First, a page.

The learned researcher Susan James (Vote #1: Susan James’ answer to Why do humans want to have sex with attractive people?) is of course right in the evolutionary selection angle, and even more right in the cultural situatedness of attractiveness. The body-ideal of Botswana sure isn’t the ideal of the 2016 US, which wasn’t the ideal of 1956 US.
But there’s a bit of semantics being missed here. It’s not that the notion of attractiveness is preexisting, and people want to have sex with people bearing that characteristic. There is physical fitness or suitability for child-bearing, which has visual correlates; in fact Susan has pointed them out in previous answers (I think;, though Quora Search, so I can’t find them). So breasts or butts (or six packs) tend to correlate with attractiveness.
But attractiveness is also culturally determined; there are plenty of cultures in which big butts or physical fitness are not prized as attractive. In fact attractiveness is defined the other way around. Attractive people are defined as those people that humans (in that particular culture) want to have sex with.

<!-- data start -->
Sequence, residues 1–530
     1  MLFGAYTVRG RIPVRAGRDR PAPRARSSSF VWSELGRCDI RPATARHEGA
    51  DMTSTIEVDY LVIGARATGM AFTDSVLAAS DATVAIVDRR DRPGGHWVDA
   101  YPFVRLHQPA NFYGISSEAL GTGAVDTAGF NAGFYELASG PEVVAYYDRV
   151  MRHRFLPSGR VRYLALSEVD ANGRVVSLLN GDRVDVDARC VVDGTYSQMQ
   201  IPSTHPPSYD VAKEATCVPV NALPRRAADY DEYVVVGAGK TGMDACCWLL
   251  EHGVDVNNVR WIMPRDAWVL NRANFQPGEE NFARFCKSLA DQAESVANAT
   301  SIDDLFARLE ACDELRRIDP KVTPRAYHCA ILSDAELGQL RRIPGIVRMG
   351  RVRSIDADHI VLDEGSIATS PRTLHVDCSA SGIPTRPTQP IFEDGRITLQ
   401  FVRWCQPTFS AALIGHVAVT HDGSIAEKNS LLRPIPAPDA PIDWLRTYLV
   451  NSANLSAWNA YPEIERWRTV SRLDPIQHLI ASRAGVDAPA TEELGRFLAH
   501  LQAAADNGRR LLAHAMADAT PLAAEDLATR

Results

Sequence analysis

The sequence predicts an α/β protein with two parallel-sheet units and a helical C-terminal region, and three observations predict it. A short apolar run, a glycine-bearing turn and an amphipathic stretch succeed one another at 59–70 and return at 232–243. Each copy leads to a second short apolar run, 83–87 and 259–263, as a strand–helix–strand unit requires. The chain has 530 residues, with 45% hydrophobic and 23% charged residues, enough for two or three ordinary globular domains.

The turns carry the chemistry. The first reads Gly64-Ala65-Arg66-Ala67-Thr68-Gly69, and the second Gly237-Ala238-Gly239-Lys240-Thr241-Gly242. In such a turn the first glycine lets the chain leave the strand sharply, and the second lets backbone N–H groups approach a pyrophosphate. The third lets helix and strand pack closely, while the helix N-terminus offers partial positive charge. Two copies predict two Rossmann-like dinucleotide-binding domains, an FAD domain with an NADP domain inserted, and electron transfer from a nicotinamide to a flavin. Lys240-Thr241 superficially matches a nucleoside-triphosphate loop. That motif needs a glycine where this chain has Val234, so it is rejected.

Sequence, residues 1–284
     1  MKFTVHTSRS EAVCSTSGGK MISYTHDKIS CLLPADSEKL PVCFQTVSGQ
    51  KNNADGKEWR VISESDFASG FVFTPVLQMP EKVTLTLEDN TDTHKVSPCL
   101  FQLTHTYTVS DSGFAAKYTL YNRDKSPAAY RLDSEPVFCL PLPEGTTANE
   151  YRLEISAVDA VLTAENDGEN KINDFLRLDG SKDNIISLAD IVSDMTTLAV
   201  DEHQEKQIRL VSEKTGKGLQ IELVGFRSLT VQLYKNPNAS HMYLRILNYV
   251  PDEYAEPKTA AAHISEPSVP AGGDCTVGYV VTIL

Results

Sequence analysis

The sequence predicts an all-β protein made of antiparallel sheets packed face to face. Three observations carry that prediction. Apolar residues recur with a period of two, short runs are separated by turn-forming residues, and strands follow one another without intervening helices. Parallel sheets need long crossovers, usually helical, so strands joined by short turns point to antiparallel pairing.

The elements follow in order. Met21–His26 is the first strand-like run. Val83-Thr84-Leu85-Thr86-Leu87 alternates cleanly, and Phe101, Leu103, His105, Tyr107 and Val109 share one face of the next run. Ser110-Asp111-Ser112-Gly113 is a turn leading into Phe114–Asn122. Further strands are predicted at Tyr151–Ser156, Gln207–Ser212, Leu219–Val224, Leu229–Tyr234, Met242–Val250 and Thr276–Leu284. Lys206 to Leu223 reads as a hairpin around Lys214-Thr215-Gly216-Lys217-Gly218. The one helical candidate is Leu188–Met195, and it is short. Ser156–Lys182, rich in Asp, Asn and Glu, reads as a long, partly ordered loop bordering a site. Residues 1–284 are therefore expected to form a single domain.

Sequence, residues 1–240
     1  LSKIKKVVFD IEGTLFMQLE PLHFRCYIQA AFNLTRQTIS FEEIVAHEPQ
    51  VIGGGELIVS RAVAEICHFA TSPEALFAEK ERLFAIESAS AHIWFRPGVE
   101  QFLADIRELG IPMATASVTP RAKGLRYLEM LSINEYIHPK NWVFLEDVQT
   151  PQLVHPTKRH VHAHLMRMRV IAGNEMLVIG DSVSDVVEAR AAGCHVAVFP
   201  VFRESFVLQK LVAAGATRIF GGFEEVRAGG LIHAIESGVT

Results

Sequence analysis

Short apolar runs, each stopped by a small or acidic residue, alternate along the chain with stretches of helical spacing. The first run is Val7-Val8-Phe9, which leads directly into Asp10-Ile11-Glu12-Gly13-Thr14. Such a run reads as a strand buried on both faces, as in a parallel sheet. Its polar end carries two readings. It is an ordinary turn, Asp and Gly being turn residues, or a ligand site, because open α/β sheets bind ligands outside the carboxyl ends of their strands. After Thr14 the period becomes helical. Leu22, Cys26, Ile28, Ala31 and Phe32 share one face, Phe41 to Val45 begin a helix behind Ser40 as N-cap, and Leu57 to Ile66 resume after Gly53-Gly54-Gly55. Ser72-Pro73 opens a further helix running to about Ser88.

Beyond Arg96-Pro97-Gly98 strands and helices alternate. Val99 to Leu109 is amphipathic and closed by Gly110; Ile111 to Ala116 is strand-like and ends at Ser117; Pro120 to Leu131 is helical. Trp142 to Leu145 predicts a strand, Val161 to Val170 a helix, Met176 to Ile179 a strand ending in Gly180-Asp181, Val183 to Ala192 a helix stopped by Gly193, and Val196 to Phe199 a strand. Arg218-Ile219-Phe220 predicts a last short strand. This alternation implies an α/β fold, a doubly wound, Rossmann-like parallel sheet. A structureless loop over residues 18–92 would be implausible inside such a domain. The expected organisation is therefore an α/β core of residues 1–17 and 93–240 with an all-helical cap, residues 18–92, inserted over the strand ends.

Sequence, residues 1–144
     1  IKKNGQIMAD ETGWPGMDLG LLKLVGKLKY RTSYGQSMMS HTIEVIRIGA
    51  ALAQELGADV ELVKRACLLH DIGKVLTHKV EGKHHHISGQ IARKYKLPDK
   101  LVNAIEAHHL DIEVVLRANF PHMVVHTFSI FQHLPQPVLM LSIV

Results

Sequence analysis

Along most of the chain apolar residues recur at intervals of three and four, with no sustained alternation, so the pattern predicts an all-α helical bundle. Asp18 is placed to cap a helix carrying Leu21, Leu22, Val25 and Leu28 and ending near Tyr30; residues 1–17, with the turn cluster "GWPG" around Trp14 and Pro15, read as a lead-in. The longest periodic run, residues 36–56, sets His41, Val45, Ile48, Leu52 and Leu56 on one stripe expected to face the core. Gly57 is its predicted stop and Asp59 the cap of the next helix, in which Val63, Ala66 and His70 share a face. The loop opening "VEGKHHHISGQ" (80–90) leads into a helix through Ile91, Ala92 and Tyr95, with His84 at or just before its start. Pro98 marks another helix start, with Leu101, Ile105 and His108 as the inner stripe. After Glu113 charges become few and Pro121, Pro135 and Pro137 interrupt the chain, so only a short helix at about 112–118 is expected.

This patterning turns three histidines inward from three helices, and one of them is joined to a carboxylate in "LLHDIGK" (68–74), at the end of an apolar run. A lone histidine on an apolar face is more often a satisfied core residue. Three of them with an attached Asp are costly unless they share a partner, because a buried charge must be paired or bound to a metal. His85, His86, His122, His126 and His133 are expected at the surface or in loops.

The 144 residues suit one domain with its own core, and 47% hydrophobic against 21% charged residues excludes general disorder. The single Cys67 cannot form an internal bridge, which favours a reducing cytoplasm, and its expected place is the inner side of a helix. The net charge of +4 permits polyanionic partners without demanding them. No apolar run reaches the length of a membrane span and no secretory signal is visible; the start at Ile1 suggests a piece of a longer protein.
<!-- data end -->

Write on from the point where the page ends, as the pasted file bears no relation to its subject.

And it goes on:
(And that also helps you with LGBTI+, which a narrowly evolutionary approach doesn’t.)
I believe it is (add Russian, bigtime), but I’ve just gone through half a dozen historical linguistics textbooks, and it’s not discussed separately in any of them. I was even struggling to find a good term describing this phenomenon: lexicalised diminutives I guess is the best.
The problem is that semantic change is massively variegated, and the typologies of semantic change (which covers this) are pretty vague. This could be argued to be an instance of litotes/understatement, or an instance of generalisation, or an instance of bleaching.
There was a switch in 2015 (someone correct me if I’m wrong) from Top Quorans being named for the year past, to Top Quorans being named for the year ahead (though of course still judged on their past year’s output).